Featured image for Discharge of Contracts: When Obligations Cease

Discharge of Contracts: When Obligations Cease

Discharge of Contracts: When Obligations Cease

Contracts form the foundation of business transactions and provide parties with the security of knowing that their rights and obligations are legally enforceable. However, it is essential to understand that contracts do not last indefinitely. There are circumstances in which the obligations outlined in a contract can come to an end. This process is known as the discharge of a contract.

1. Performance

One of the most common ways in which a contract can be discharged is through performance. When both parties fulfill their respective obligations as outlined in the contract, the contract is said to be discharged by performance. This requires each party to satisfactorily carry out their duties as agreed upon.

For example, let’s say Company A contracts with Company B to deliver a specific quantity of goods. If Company A provides the goods and Company B pays the agreed-upon price, the contract would be discharged by performance.

To learn more about the impact of frustration on contractual obligations, click here.

2. Agreement

Another way in which a contract can be discharged is through agreement. If both parties agree to terminate the contract before performance occurs, it is called discharge by agreement. This can happen when there are changes in circumstances or when the parties mutually decide that continuing with the contract is no longer beneficial.

For instance, if Company A and Company B enter into a contract for the supply of services, but later decide that the services are no longer required, they may agree to terminate the contract before any performance takes place.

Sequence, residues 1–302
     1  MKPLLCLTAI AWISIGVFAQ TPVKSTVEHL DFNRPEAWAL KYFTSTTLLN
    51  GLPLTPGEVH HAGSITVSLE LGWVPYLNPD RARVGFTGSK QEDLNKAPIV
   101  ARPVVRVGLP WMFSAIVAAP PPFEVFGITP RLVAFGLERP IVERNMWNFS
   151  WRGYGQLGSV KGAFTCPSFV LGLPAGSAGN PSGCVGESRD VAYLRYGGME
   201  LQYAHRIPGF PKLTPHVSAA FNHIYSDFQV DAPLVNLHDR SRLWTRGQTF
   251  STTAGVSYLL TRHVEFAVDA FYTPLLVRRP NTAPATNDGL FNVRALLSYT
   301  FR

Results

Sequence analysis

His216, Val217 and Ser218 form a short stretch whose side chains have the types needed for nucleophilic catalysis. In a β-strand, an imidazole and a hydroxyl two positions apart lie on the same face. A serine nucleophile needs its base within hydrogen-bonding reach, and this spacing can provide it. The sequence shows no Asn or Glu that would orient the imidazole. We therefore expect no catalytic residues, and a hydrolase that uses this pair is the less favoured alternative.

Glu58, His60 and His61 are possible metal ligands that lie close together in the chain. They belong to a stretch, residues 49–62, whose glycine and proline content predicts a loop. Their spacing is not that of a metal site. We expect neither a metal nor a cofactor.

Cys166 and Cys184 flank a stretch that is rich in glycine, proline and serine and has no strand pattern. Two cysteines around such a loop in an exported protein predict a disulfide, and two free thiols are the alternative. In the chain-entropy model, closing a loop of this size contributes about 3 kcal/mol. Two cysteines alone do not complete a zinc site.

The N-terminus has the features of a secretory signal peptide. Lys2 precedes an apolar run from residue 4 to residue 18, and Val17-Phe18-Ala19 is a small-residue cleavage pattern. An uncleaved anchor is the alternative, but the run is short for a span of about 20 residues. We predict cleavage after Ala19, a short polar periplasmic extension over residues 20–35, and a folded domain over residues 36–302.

To gain insights into interpreting contractual clauses, visit this article.

3. Breach

Contracts can also be discharged due to a breach by one of the parties. When a party fails to fulfill their obligations as outlined in the contract, it is considered a breach. The innocent party has the option to accept the breach and terminate the contract, or they may choose to continue with the contract and seek damages for the breach.

For example, if Company A agrees to deliver goods to Company B by a certain date but fails to do so, Company B may choose to terminate the contract due to the breach.

4. Frustration

In some instances, unforeseen events or circumstances may occur that make it impossible to fulfill the obligations of a contract. This is known as frustration, and in such cases, the contract may be discharged. Frustration occurs when an event renders the contract legally or physically impossible to perform, or it transforms the obligations of the parties into something radically different from what was originally agreed upon.

To explore the impact of frustration on contractual obligations further, please read our detailed legal insights article.


Understanding the circumstances in which a contract can be discharged is crucial for parties involved in business transactions. Whether it is through performance, agreement, breach, or frustration, it is essential to be aware of the various ways obligations can cease. Properly navigating the discharge of a contract can help protect your rights and ensure a fair resolution in the event of a dispute.

For entrepreneurs and business owners, familiarizing yourself with the legal aspects of business contracts is essential. Visit our article on key considerations for entrepreneurs in business contracts.

For those interested in the comparative analysis between SQE Contract Law and traditional qualifications, find out more in our comprehensive article: SQE Contract Law vs. Traditional Qualifications: A Comparative Analysis.

Lastly, to delve into the various types of agreements in contract law, check out our informative article: Agreements in Contract Law: Understanding Its Various Types.